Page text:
Brewton, originally spelled Bruton, was established around 1888 and was the busiest settlement in eastern Laurens County well into the early 20th century. I’ve yet to locate any history of this house, which has been abandoned for many years. It’s likely among the oldest structures remaining in the settlement. Brenda C. Lumley notes that the house is known locally as the Brantley House.
William Brantley writes: I am the grandson of the builder/owner of this house in Brewton, Georgia. It was completed around 1880. The owner was Freeman Hill Brantley.
I photographed this structure from a distance so I’m unsure as to all the architectural details, but my initial identification is that it was a tenant house, perhaps dating to the late 19th century. It appears to be well-preserved.
This was an old warehouse. I don’t know if it was a separate business or related to the adjacent general store.
This appears to be the newest of the three commercial structures in Lovett but I have no idea as to its age. It was likely the last store open in the community.
This is one of three commercial buildings still standing along the highway at Lovett. This may be the oldest of the three and was a general store.
Round Barn, Laurens County, Georgia, 1974 © David Frey
I was so excited to receive this image from David Frey of an historic round barn in Laurens County; he was gracious enough to let me share it. He made the photograph in 1974, noting that it was a landmark to travelers between Dublin and Wrightsville in those days; the barn is still standing but no longer accessible to the public. As a result, I’m unable to share an exact location. This example is of the octagonal variety and though I have no idea as to a date, my best estimate would be 1900-1910.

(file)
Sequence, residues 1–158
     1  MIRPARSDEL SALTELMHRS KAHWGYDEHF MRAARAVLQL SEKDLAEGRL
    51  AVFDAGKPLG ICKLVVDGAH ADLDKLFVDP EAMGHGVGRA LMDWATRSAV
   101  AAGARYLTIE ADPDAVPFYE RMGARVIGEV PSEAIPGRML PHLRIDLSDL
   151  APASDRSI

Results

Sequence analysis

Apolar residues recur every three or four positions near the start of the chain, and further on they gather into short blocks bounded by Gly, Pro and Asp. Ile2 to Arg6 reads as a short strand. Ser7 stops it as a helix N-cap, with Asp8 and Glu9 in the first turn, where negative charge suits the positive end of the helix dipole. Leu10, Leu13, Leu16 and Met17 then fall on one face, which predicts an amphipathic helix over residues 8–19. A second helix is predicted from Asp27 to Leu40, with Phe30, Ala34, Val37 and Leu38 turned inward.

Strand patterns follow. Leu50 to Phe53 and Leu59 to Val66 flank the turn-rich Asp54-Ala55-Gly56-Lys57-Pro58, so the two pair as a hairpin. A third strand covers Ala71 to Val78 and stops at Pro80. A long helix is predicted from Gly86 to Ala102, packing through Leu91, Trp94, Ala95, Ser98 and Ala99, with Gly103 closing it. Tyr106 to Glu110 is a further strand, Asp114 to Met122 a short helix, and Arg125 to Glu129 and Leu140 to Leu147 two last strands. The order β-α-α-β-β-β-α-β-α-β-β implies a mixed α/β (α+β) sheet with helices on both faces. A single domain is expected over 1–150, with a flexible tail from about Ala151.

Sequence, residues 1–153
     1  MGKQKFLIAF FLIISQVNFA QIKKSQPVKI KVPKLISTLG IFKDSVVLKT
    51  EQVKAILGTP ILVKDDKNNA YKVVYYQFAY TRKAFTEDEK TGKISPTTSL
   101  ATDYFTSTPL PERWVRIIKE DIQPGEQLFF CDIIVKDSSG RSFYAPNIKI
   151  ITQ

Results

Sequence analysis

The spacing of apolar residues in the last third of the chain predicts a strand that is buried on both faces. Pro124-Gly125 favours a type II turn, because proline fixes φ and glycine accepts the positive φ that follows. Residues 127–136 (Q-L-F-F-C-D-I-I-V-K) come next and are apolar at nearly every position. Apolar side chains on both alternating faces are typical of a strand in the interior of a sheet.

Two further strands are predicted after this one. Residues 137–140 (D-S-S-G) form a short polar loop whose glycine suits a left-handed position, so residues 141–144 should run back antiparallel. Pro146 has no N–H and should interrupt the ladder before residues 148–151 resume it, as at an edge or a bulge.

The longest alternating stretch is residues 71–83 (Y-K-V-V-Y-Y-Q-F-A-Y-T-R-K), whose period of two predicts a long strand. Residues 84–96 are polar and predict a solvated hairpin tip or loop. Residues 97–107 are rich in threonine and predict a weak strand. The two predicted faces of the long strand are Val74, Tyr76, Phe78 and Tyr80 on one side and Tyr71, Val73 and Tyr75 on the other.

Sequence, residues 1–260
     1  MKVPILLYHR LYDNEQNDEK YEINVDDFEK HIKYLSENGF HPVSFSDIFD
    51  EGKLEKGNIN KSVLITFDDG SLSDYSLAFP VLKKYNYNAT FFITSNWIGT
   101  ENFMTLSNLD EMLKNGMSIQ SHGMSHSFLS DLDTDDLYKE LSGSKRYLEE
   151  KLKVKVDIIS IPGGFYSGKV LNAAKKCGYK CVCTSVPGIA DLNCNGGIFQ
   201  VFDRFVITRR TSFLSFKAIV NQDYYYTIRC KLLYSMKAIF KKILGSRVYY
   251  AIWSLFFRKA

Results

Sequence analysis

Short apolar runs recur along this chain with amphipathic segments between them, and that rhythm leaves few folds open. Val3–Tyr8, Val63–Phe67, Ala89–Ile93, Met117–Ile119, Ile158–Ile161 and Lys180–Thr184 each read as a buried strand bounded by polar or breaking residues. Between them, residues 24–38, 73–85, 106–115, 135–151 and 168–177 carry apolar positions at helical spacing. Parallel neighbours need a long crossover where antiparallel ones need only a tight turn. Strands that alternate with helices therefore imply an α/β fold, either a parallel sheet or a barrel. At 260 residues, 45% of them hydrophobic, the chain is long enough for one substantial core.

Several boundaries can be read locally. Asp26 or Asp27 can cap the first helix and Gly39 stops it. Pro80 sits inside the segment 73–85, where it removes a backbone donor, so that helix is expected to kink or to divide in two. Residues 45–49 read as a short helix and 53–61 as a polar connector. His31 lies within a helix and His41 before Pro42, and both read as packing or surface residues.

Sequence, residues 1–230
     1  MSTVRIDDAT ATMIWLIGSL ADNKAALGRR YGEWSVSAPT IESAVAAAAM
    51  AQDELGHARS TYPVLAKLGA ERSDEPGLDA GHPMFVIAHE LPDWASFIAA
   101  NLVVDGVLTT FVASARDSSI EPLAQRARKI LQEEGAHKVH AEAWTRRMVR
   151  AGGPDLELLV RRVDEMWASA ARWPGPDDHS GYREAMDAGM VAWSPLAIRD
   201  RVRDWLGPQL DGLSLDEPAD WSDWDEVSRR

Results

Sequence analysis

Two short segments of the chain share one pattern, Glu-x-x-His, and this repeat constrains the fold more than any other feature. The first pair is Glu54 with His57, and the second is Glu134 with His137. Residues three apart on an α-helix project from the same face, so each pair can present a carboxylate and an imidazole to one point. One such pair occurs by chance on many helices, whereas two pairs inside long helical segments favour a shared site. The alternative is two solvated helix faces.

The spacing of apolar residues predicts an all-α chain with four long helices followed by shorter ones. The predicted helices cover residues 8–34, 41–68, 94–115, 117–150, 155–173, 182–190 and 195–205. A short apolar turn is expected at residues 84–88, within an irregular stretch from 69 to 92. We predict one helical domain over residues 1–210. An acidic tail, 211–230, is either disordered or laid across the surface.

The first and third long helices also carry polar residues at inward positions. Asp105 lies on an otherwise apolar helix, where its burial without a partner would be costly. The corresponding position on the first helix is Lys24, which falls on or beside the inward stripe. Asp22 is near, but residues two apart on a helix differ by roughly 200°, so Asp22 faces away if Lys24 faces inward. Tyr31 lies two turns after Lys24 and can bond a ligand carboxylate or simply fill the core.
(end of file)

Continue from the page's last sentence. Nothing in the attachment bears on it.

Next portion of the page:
A brief review of available references on the subject suggests this may be one of only two surviving round barns in Georgia; the other is the 14-sided Williamson Dairy barn in Jackson County. Another 14-sided example, the Dorough Round Barn at Hickory Level in Carroll County is listed on the National Register of Historic Places but is apparently in ruins or no longer extant.
According to Scott Thompson’s Pieces of Our Past this served as the National College of Business from 1961-64. It was also home to the Nancy Taylor Charm School.
Stubbs Park-Stonewall Street Historic District, National Register of Historic Places